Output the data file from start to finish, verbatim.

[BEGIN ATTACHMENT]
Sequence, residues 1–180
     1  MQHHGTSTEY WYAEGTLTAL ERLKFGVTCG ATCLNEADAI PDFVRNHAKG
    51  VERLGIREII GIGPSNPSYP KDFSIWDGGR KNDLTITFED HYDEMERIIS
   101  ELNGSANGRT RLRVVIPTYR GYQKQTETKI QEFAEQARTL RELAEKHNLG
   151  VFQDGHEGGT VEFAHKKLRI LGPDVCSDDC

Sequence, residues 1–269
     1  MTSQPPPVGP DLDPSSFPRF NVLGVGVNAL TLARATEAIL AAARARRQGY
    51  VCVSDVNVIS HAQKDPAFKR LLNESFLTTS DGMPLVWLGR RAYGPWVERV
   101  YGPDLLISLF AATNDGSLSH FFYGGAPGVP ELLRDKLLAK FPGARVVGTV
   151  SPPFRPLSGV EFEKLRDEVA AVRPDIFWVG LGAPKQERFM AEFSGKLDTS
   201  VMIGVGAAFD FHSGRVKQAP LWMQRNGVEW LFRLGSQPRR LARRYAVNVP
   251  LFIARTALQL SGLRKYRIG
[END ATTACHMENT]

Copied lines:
Sequence, residues 1–180
     1  MQHHGTSTEY WYAEGTLTAL ERLKFGVTCG ATCLNEADAI PDFVRNHAKG
    51  VERLGIREII GIGPSNPSYP KDFSIWDGGR KNDLTITFED HYDEMERIIS
   101  ELNGSANGRT RLRVVIPTYR GYQKQTETKI QEFAEQARTL RELAEKHNLG
   151  VFQDGHEGGT VEFAHKKLRI LGPDVCSDDC

Sequence, residues 1–269
     1  MTSQPPPVGP DLDPSSFPRF NVLGVGVNAL TLARATEAIL AAARARRQGY
    51  VCVSDVNVIS HAQKDPAFKR LLNESFLTTS DGMPLVWLGR RAYGPWVERV
   101  YGPDLLISLF AATNDGSLSH FFYGGAPGVP ELLRDKLLAK FPGARVVGTV
   151  SPPFRPLSGV EFEKLRDEVA AVRPDIFWVG LGAPKQERFM AEFSGKLDTS
   201  VMIGVGAAFD FHSGRVKQAP LWMQRNGVEW LFRLGSQPRR LARRYAVNVP
   251  LFIARTALQL SGLRKYRIG